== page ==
Comedies and tragedies share many of the same social ends, but the tone of the two kinds of works is very distinct.
Certain parallels can be drawn between William Shakespeare's plays, "A Midsummer Night's Dream", and "Romeo and Juliet". These parallels concern themes and prototypical Shakespearian character types. Both plays have a distinct pair of ‘lovers', Hermia and Lysander, and Romeo and Juliet, respectively. Both plays could have also easily been tragedy or comedy with a few simple changes. A tragic play is a play in which one or more characters is has a moral flaw that leads to his/her downfall. A comedic play has at least one humorous character, and a successful or happy ending. Comparing these two plays is useful to find how Shakespeare uses similar character types in a variety of plays, and the versatility of the themes which he uses.
Prohibited love, romance, controlling families, both plays have it all. With a few simple modifications, "A Midsummer Night's Dream" could have been a tragedy, and "Romeo and Juliet" could have been a comedy. Shakespeare however, uses many of the same character types, young, prudent, rebellous lovers, and controling family members, in both comedies and tragedies. The end results are character molds, along with theme molds that can be easily translated into almost any plot, in any play.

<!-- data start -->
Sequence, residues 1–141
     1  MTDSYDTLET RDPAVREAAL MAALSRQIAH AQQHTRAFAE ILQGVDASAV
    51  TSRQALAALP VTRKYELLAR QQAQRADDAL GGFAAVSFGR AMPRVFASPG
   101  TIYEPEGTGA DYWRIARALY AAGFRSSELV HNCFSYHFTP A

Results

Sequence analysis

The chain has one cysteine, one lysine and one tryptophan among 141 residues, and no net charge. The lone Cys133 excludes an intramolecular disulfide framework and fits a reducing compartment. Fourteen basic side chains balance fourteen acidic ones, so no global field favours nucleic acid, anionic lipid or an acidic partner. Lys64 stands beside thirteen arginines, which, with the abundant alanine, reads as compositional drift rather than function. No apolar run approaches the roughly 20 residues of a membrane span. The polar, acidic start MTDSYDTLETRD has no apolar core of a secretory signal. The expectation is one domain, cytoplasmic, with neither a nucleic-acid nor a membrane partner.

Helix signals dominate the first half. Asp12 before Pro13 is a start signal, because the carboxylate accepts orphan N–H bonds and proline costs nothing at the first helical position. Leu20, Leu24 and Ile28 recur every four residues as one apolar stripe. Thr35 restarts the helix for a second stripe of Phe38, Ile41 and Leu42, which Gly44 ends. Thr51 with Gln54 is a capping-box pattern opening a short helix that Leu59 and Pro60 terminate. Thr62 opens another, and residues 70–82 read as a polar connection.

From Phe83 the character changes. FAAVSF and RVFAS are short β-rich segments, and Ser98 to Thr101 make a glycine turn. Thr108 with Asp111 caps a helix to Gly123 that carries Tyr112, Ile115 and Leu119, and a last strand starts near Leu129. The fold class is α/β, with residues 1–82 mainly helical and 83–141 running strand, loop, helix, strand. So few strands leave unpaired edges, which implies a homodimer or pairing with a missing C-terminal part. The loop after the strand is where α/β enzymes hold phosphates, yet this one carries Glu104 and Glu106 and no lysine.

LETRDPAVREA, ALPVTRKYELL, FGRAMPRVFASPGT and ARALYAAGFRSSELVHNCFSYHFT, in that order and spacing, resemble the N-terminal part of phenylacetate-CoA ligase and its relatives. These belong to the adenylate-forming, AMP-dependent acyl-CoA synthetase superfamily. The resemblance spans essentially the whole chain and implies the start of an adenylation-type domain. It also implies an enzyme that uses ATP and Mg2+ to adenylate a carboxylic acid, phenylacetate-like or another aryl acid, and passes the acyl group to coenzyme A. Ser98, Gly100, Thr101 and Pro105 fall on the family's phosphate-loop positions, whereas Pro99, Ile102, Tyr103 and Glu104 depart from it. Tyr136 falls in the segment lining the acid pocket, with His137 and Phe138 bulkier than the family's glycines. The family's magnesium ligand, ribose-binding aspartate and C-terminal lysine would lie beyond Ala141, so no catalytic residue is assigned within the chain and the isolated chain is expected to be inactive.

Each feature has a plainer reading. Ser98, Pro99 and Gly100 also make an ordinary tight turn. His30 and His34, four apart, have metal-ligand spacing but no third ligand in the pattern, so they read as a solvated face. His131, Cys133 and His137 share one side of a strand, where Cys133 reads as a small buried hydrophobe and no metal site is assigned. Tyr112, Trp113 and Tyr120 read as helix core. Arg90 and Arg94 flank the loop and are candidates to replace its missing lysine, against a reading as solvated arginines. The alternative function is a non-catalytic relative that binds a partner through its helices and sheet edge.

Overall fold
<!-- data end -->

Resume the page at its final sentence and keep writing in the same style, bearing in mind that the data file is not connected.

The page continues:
So why do people think that tragedies are stronger? If you were a movie director and had a story of a certain plot, would you adjust it to make it comedic or tragic? And why?
I've been told by most of the people I asked that they would, of course, make the movie a tragedy if they had wanted a certain message to reach their audience. This strikes me as strange. Don't they both tackle emotions on the same level? Why do certain movies do better when they're tragic? The finest example of that is Titanic.
Perhaps it has to do with the history of the topic. Aristotle, a Greek historian, gave rules to both comedy and tragedy.
Tragedy = Poetics
Comedy = Lost Treatise
Recent critics see a strong social pattern to tragedies.
While debating with someone over this topic I was asked to name one comedic movie which held a strong moral. A few movies came into mind, but it seems like most of the good stories are made tragic in order to be remembered. Why not make them comedies? Why not be happy and remember rather than sad? When you're laughing you feel light headed and don't think of what you're doing and quickly forget about it. When you're sad, though, you think deeply. Is this why the greatest thinkers were depressed? Does intellegence accompany sorrow?
I feel like I'm debating with myself here. I type as I think. I might be hanging on the fence here, but both comedies as well as tragedies hold extremely strong emotions. The fact that a tragedy is portrayed as the stronger emotion, though, cannot be denied. Perhaps a change is needed...